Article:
Cover Image: Sender


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Member Reviews

Interesting and gritty play about four friends and what it means to grow up in today's world.

Thank you to Netgalley and the publishers for letting me read an advance copy of this script in exchange for my honest review.
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Ike Holter's play Sender is a really interesting examination of what life is like for Millenials as they cross the barrier from their late 20s and into their early 30s. 

I was given a chance to read the play from the publisher, so my review is based purely on the text of the play and not on an actual performance. Furthermore, I thankful for the opportunity to review this play, but my review is not influenced by the publisher.

The premise of this story is one that is definitely new, which is great. The story begins one-year to the day after Lynx disappeared and then shows back up on the doorstep of his former girlfriend, Tess, who has spent the past year mourning his death. As you can imagine, the shock of seeing someone that was presumed dead throws Tess for an emotional loop. In addition to Tess, the play includes two other characters Jordan and his wife Cassandra. Jordan was Lynx's best friend, so he's also spent the last year in a dizzying haze, which included his getting married to Cassie. Cassie is the most "adult" of the group of four, but they are all highly fallible people.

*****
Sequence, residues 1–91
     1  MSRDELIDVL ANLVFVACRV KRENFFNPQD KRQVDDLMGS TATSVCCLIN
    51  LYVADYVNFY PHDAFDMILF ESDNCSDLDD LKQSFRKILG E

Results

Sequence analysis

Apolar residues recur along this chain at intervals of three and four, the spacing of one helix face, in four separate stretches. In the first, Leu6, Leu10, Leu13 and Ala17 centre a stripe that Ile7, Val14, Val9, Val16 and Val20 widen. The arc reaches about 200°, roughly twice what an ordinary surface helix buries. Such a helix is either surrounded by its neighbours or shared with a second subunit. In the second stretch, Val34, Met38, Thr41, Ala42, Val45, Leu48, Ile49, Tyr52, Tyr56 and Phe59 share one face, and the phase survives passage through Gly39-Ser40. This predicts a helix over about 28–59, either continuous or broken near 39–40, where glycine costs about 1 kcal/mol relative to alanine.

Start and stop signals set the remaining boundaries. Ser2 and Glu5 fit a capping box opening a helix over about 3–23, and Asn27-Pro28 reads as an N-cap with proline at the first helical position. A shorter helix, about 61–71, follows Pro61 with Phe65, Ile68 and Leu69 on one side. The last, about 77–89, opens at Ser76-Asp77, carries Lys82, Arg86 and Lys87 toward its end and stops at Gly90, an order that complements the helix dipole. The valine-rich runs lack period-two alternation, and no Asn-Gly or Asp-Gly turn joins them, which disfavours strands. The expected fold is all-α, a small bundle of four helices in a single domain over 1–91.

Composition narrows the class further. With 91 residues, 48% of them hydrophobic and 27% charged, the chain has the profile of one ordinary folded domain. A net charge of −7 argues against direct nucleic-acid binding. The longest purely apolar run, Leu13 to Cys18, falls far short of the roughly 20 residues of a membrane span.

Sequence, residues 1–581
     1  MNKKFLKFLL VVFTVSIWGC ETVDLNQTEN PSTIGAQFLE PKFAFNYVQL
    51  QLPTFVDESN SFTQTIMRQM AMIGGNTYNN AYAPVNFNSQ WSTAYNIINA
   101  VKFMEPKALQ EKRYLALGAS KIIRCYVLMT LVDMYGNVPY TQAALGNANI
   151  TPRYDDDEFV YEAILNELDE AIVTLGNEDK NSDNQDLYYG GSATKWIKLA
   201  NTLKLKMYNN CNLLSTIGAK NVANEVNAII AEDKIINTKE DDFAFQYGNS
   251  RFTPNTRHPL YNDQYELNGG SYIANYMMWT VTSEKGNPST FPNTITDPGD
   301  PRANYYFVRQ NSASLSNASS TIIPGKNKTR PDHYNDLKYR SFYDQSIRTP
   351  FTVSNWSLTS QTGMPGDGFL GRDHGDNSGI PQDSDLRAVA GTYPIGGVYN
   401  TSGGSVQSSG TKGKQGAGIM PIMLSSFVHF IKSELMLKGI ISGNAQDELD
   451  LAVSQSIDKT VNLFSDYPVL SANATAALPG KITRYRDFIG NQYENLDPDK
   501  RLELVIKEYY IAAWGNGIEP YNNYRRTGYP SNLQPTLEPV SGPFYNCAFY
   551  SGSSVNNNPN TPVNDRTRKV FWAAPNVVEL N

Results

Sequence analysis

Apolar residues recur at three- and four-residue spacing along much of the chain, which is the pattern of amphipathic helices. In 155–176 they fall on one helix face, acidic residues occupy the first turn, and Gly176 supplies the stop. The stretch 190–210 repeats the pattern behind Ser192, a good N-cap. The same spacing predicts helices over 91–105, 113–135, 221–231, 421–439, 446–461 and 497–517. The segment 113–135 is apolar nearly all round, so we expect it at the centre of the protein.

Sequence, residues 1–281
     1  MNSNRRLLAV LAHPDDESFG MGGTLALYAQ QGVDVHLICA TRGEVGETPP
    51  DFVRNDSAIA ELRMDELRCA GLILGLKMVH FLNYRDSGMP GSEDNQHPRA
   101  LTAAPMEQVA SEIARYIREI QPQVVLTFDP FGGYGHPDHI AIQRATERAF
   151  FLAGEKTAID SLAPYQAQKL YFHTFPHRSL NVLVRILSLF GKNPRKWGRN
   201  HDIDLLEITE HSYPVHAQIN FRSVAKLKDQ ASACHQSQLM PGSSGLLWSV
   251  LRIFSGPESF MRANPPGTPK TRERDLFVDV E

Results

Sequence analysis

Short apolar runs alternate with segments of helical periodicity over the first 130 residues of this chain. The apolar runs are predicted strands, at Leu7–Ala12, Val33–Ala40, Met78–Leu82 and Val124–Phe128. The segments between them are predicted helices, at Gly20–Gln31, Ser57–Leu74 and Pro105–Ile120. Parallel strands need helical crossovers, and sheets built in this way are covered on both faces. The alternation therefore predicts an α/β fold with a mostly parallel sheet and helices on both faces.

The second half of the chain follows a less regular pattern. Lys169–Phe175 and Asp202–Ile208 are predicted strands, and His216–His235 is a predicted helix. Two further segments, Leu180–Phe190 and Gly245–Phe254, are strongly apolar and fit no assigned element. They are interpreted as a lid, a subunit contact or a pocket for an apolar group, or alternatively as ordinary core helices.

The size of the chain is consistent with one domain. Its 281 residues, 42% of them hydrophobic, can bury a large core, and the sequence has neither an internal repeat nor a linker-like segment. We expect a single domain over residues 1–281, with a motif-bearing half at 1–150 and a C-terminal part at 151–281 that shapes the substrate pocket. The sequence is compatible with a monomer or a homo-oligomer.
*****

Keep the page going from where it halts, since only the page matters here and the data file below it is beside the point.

Overall, one of the biggest problems I had with this play is that no one is likable, which isn't necessarily a huge problem in modern theater. Down the line, each person is self-centered and fairly obnoxious in her or his own way. However, by the end of the play, you at least feel that there is hope for all four as they all finally face up to the fact that growing up happens.

Stylistically, I found this play to be very similar to David Mamet. The cadence of the dialogue along with the intelligent use of profanity and sexuality was reminiscent of Mamet's Sexual Perversity in Chicago. Of course, this similarity is also telling since Holter's play also takes place in Chicago. I definitely think this play will be one that is seen on numerous college campuses across this nation.
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